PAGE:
Note: This page is for historical purposes, the call for nominations has expired.

Haskell Foundation Board Call For Nominations

The Haskell Foundation seeks nominations for the Foundation Board.

The Haskell Foundation is a new non-profit organisation that seeks to articulate the benefits of functional programming to a broader audience, to erase barriers to entry, and to support Haskell as a solidly reliable basis for mission-critical applications.

The Foundation Board

Remit Of The Board

The Board provides the strategic leadership for the Foundation, and is the decision-making body for everything the Foundation does. More specifically

  • Governance: leadership and direction - set strategy, provide guidance
  • Staff: appoint senior members of Foundation staff
  • Define, curate and track Foundation goals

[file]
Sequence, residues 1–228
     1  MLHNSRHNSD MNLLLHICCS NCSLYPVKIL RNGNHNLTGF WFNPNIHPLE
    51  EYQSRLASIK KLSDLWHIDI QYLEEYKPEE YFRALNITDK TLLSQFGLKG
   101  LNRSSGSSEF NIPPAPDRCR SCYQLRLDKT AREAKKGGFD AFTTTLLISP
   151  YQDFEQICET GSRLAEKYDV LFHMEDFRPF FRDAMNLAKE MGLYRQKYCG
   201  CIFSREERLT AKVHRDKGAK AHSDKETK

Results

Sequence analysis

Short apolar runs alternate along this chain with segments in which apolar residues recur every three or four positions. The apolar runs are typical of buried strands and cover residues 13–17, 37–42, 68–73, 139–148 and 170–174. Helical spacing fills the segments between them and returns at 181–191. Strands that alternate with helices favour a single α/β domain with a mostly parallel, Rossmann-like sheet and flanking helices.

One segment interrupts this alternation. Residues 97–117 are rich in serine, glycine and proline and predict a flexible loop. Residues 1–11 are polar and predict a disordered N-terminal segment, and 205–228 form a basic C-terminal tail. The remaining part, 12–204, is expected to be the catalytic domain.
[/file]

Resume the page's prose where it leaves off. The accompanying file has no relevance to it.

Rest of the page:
• Deploy the funds raised by the Foundation to support the Foundation’s goals.
  • Seek out opportunities to further the goals of the Foundation
  • Represent the Haskell community to the world: liaise with sponsors, public bodies (ACM, standards committees) etc
  • Ensure success and long-term continuity of the Foundation
  • Receive and review financial accounts

The Foundation will not supplant or replace the excellent work of existing groups. So, for example, the GHC Steering Group is responsible for making decisions about GHC proposals. Similarly, decisions about stack are taken by the stack team, and about Haddock are taken by the Haddock team. The Board will hopefully influence these groups, and improve communication between them, but they remain individually responsible for decisions in their bailiwicks.